The Psychology of Saving

February 23, 2016
Brad Dunn

If you have been reading my other blogs then you already know that I am not a big believer in reaching goals if it has anything that gets in the way of living your life.

Too many people start with a lofty goal like:

  • Buying a new car from your own cash
  • Saving up to go on a holiday
  • Paying off my credit card by June
  • Buying an investment property

The list goes on…

But for some reason you haven’t quite reached your target on any of them?

 

Are you one of those people who start with the best intentions but life always seems to get in the way?

 

Unlucky events that really do stop you reaching your target like getting sick the week after starting your jogging and you never really start it up again or an unexpected water heater breakdown, child breaks arm, etc…

What do these goals all have in common? They all require time, effort and consistency to reach the target. That is where it falls down because life will always get in the way.

So are we all doomed to walk around as overweight, disheveled unhappy people that never reach our goals while the lucky rich people driving around in Porsche’s pass you by? No we are not!

 

What we need to do is firstly break down the goal into bite-sized chunks so we can handle it, then find a way to automate as much of it as we can into our lives so it “just happens”.

For example, saving up to go on a holiday…. That is a lot of money and a vague goal. Let’s get serious on this one:

  1. First step is the goal itself. Where are you going? When are you going? Have you got the time booked out? If you research the actual cruise/flight/hotel you want to get to, then you can start to make it happen.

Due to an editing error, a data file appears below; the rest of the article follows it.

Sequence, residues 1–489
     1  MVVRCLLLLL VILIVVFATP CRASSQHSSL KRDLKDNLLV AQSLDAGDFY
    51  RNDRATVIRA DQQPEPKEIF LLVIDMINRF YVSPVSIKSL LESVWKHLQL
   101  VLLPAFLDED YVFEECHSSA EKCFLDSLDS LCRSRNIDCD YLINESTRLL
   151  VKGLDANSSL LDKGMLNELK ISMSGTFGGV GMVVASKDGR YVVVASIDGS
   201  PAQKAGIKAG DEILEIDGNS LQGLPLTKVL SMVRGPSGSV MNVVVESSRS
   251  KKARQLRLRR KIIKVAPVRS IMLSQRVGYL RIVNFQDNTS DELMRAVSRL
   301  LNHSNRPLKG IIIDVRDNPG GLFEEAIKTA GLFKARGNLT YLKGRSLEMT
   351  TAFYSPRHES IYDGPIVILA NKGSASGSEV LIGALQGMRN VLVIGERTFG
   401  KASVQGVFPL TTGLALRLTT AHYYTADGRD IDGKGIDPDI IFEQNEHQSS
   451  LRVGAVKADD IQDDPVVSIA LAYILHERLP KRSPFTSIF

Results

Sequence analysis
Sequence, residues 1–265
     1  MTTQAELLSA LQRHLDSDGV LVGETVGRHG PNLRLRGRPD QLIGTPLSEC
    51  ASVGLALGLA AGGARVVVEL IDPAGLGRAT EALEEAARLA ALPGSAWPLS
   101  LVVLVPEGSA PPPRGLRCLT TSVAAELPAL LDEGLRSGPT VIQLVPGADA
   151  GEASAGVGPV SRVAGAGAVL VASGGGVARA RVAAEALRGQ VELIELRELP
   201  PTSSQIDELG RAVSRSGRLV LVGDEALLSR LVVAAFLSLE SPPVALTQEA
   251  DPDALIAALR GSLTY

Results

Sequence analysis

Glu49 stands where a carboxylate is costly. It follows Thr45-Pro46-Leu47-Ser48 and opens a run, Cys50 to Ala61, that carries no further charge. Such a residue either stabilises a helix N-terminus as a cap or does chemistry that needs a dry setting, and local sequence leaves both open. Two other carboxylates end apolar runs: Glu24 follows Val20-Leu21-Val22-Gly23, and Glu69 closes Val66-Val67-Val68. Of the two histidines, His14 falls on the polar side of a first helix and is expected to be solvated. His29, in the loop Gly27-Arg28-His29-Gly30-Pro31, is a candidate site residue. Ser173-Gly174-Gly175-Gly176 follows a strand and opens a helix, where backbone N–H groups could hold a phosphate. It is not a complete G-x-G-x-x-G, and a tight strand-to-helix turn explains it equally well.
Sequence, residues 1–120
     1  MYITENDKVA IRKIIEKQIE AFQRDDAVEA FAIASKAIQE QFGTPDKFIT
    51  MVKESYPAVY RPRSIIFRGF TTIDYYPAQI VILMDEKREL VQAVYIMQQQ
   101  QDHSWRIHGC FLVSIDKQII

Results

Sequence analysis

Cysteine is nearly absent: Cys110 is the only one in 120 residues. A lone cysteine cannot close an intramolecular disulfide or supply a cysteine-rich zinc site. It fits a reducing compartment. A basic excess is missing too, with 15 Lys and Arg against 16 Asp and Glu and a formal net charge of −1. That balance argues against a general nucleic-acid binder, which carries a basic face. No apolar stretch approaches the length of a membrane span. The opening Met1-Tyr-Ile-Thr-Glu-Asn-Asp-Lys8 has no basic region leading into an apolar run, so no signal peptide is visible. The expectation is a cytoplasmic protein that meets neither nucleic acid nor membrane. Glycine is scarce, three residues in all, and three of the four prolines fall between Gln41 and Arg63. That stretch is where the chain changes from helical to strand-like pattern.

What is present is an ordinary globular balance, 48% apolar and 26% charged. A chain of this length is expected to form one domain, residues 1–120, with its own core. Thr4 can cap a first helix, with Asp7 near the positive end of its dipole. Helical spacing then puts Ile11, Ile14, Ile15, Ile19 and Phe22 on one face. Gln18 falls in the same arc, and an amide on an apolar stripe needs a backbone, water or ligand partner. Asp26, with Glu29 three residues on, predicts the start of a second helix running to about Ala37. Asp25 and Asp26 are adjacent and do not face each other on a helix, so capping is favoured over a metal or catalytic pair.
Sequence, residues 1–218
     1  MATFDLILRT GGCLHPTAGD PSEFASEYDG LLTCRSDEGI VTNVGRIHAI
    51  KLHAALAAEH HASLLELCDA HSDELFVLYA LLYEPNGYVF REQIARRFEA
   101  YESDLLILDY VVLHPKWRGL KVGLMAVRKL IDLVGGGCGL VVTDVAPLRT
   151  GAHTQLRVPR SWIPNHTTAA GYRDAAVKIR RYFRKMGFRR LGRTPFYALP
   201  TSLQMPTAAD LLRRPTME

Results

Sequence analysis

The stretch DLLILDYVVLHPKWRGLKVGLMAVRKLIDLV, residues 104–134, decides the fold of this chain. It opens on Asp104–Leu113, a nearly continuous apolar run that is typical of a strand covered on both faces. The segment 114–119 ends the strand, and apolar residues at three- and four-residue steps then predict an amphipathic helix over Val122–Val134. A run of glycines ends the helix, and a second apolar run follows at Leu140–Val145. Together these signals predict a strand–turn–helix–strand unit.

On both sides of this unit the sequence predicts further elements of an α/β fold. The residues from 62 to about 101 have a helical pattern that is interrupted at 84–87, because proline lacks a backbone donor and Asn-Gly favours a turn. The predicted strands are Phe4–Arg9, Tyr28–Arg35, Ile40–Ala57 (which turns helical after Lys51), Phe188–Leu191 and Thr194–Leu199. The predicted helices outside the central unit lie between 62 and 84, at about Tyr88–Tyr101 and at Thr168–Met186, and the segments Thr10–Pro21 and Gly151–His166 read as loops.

• Work out where you want to go and actually speak with someone on it. Work out the actual holiday and how much you will need.
  • How long until you need the money? You will need to have saved up the money by this time so this one is important.
  • Divide the amount you need into the time you have left and align that to when you get paid (huh?) In other words if you need say $5,000 by December (12 months) and you get paid weekly, then you divide $2,500 into 52 (52 weeks in a year) = $48.
  • Can you afford to save $48 per week? If the answer is yes, then let’s get you on your holiday!

Now comes the important parts. This is what makes it happen.

  1. Setup a high-interest account with your bank (really easy to do these days, sometimes you can even do it through your Internet Banking) and put a “direct-debit” to go out of your account on the day you get paid for the $48 and into the other account (*)

*Get help from your bank or family/friends if you are unsure on how to do this, no excuses.

Why? Automation is the key. If the money comes out of your account the day you get paid, then firstly you know you have the money in there and secondly you don’t have to do anything… it is automatic saving!!

  1. Go to your boss and book in annual leave for the holiday. You don’t want anything getting in the way to you reaching your goal.

Sounds too easy? It is but how many people actually do it?

Well I did for one. We setup one of these automatic debits when my son was born for only $50 each week. Just by using automation and the power of compounding (see my other blog on how to make sure your child can afford a home when the time comes) he will have over $75,000 by the time he is 18 years old to put into buying a home (account currently attracts 5% interest pa).

You can apply the same method to any savings goal or even health goal (bit harder to work out and will require effort), just remember, break up the goal into specific parts and then automate it.

Did this work for you? If it has I would love to hear where you went, just post it on my wall on Facebook.

About the Blogger

Brad Dunn has been a property investor and working in the finance industry for over 15 years.

He is currently one of the franchise managers of the multi-award winning South Perth Mortgage Choice office but what’s really important to him is that 9 out of 10 of their clients would recommend them to a friend.

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